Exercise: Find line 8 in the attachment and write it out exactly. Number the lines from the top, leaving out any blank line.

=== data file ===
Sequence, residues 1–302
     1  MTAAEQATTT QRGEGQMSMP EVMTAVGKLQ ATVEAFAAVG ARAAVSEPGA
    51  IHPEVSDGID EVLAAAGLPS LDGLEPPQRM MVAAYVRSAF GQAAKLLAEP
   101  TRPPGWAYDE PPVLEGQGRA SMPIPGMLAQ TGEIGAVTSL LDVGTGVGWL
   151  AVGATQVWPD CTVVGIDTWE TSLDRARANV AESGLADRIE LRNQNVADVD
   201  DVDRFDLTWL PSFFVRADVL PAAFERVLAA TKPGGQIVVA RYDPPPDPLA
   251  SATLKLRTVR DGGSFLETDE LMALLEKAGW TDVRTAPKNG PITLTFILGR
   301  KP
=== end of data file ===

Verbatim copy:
   301  KP